Illinois House Bill 1826: Religious Freedom Protection and Civil Union Act

Fact Sheet About House Bill 1826/the Illinois: Religious Freedom Protection and Civil Union Act

Many people do not know that opposite-sex, same-sex and senior couples in Illinois can be denied the basic rights to make emergency health care decisions for their partners, to visit their partners in hospitals, to share a nursing home room, or even to make funeral arrangements after a partner passes away. This is wrong Illinois has an opportunity to provide basic rights to all committed couples.

The Illinois Religious Freedom Protection and Civil Union Act helps establish basic fairness by extending state-level legal protections and responsibilities of marriage to all committed couples in Illinois. Under the Act, civil unions would be open to all adult couples (including opposite-sex, same-sex and senior couples) and afford these couples the state-level protections and responsibilities essential to all families.  The legislation also preserves the separation of church and state and ensures that religious denominations are not forced to recognize or sanctify relationships they oppose.

What protections and responsibilities are offered?
  • Emergency medical decision making
    For people in a committed relationship, nothing is more important than being able to make critical health care decisions when a partner is unable to do so.  Nothing demonstrates this need more than the experience of Larry M., of Springfield. Emergency room staff would not allow Larry to make critical care decisions for his unconscious life partner when the hospital could not locate paperwork.  This forced Larry to leave his partner’s bedside to go home to look for documents.  While he searched for copies, his partner passed away.

  • The right to make funeral arrangements and control disposition of remains
    Lynn S. of Champaign struggled to care for her partner Linda as she battled a fatal liver disease. When Linda died, Lynn was denied the right to make arrangements for Linda’s cremation, despite their long, committed relationship. 

  • The right to share a nursing home or hospital room and hospital visitation rights
    Randy W. of Springfield served his country in the U.S. Army. Sadly, Randy’s life partner Curt was admitted to a Springfield hospital with an illness that would take his life. Randy was denied the ability to spend the night in the hospital alongside Curt -- a privilege most people take for granted -- and was not notified by the hospital when Curt’s condition took a turn for the worse. As a result, Randy nearly missed saying goodbye to his life partner as Curt took his final breaths.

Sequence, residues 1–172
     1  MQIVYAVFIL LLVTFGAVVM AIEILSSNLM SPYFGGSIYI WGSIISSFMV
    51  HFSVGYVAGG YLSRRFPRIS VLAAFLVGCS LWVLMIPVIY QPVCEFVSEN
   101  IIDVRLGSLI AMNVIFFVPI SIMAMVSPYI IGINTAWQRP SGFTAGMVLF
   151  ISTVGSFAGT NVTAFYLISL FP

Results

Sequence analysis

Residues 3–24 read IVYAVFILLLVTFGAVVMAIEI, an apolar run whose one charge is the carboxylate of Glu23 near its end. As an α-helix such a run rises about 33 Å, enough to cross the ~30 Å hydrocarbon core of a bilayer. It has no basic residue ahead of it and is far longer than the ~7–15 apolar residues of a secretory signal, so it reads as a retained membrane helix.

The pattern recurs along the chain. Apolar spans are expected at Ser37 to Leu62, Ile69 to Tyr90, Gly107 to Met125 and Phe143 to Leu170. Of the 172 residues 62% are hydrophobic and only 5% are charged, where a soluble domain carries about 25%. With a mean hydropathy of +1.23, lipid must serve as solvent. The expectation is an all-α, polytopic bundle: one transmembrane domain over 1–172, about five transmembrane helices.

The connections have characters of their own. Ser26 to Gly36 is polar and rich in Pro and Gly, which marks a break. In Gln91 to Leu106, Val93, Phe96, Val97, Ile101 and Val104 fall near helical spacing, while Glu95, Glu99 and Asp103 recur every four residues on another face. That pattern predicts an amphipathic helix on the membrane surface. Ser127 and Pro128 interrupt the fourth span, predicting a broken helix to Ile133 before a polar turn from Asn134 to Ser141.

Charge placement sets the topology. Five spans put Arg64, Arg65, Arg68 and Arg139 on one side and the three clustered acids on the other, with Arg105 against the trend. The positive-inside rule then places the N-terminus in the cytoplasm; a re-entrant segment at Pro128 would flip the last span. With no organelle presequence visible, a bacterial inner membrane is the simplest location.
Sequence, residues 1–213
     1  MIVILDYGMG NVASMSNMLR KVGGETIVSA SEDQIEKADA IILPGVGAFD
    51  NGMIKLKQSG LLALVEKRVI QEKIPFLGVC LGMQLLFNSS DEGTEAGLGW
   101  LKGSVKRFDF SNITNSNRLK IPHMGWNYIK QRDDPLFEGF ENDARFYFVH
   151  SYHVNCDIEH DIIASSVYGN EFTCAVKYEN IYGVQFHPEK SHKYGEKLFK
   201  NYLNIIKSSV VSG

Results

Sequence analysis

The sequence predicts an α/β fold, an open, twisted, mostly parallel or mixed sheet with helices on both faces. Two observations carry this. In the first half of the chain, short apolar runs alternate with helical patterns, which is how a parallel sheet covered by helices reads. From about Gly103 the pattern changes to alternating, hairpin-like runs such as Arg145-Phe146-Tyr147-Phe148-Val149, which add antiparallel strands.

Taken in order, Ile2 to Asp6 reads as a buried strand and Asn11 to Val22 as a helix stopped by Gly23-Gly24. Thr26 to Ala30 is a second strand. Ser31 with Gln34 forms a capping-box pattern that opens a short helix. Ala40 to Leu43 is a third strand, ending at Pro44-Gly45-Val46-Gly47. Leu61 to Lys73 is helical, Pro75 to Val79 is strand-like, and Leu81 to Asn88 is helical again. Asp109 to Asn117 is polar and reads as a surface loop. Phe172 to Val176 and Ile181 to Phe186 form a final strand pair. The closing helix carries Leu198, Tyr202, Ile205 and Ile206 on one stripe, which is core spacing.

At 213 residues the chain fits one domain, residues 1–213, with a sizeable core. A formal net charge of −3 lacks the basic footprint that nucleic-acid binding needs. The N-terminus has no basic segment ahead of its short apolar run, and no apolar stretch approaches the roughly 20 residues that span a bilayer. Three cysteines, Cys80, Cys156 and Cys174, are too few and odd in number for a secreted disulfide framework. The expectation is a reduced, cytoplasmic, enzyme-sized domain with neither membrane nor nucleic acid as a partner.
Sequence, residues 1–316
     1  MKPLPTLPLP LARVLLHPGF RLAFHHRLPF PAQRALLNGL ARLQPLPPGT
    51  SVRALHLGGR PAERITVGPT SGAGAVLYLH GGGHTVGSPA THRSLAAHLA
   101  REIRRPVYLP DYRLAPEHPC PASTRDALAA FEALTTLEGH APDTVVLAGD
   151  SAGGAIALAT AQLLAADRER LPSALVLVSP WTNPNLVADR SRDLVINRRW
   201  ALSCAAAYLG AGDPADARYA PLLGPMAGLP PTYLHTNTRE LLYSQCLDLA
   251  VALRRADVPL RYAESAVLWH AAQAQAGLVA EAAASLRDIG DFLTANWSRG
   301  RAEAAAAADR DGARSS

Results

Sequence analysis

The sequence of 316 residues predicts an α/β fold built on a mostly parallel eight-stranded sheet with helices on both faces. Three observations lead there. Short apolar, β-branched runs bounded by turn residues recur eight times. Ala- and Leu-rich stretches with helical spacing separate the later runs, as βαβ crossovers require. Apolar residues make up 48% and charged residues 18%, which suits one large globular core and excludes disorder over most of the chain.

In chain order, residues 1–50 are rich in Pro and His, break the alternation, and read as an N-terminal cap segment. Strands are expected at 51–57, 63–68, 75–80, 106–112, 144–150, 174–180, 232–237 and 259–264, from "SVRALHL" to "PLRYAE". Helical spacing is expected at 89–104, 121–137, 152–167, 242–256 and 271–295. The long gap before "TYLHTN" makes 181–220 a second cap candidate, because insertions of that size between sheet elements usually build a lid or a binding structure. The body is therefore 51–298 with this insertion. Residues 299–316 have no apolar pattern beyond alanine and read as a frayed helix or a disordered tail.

• State spousal benefits                                                       
    Many widows lose their pensions – which they need to maintain quality of life – if they remarry.  Civil unions would give opposite-sex and same-sex couples, including seniors, the benefits and legal recognition they deserve without forcing anyone to lose pension benefits.  In addition to spousal pension coverage, House Bill 1826 would also help Illinois residents in committed relationships receive workers’ compensation and the privilege of sharing a nursing home room. 

Pam V. of New Berlin, IL is a widow whose late husband Scott worked for the Illinois School for the Deaf in Jacksonville, IL.  Scott died as the result of a liver transplant leaving her with a college age son and pre-teen daughter to support.  Pam currently receives Scott's State of Illinois pension. Unfortunately, she would lose these pension benefits if she ever remarried. However, a civil union would allow her to maintain her pension and financial security, as well as protect her children's financial future.

  • Clear procedures and laws for committed couples
    These include the rights to annulment and invalidity, separation and dissolution, maintenance, and disposition of property. Couples in civil unions would also be able to bring civil action dependent on spousal status, including wrongful death actions and emotional distress claims.

  • Domestic violence protections

  • Tax relief for partners at the state and local level

How would one get in and out of a civil union?

The Act opens civil unions to all adult couples, whether of the opposite or same sex.  Applicants for a civil union would have to obtain a license and register their union. Civil Unions are serious commitments. All current procedures and rules applicable to invalidity (a.k.a. annulment), dissolution (a.k.a. divorce), and property division would equally apply to partners in a civil union.

How would civil unions in Illinois impact the laws of other states and the federal government?

The Act is simple and legally sound. It would allow Illinois to recognize civil unions performed in other states. It would not impact federal marriage laws or grant federal marriage benefits.

How would Illinois’ faith community be impacted?

House Bill 1826 specifically and emphatically protects religious institutions from being compelled to sanction a union that they oppose as a matter of faith.   Section 102 states:

“Nothing in this Act shall be construed to interfere or regulate religious practice of the many faiths in Illinois that grant the status, sacrament, and blessing of marriage under wholly separate religious rules, practices, or traditions of such faiths.  Additionally, nothing in this Act shall be construed to require any religious body, Indian Nation, Indian Tribe, Native Group, or officiant thereof to solemnize or officiate a civil union.”